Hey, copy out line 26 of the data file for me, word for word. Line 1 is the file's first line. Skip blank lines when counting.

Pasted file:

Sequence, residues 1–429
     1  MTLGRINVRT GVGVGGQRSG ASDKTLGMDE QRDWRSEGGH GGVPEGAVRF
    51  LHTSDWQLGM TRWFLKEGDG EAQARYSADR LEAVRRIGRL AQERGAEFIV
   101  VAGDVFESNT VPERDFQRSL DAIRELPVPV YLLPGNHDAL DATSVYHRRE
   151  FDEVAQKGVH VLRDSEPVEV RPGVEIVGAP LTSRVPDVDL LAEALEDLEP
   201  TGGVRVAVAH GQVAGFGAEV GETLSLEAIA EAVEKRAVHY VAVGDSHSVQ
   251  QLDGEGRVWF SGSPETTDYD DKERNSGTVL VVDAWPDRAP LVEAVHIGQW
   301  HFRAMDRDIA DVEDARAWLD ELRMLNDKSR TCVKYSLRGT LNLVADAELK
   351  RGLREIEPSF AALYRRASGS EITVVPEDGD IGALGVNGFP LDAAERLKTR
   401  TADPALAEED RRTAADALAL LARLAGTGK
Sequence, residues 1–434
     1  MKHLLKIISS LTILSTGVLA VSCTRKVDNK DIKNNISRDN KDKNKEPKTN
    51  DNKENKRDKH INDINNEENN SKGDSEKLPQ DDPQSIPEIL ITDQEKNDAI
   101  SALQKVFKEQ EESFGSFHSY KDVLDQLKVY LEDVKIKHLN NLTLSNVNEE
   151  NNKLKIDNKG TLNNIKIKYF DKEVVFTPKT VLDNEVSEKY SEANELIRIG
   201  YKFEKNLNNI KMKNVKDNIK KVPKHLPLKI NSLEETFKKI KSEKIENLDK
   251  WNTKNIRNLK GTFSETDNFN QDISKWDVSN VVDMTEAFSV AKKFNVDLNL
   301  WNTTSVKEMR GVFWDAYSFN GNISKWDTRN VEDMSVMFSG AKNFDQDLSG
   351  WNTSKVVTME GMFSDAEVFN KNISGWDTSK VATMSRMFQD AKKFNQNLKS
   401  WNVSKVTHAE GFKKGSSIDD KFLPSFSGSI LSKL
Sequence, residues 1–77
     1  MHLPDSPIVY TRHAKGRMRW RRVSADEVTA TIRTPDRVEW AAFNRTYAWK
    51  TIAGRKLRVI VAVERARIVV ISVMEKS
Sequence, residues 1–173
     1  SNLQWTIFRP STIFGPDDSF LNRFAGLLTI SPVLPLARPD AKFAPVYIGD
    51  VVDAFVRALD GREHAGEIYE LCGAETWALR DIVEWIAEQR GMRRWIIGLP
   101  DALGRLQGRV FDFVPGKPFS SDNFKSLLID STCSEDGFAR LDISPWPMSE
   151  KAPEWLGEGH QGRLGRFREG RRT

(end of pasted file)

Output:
    51  VVDAFVRALD GREHAGEIYE LCGAETWALR DIVEWIAEQR GMRRWIIGLP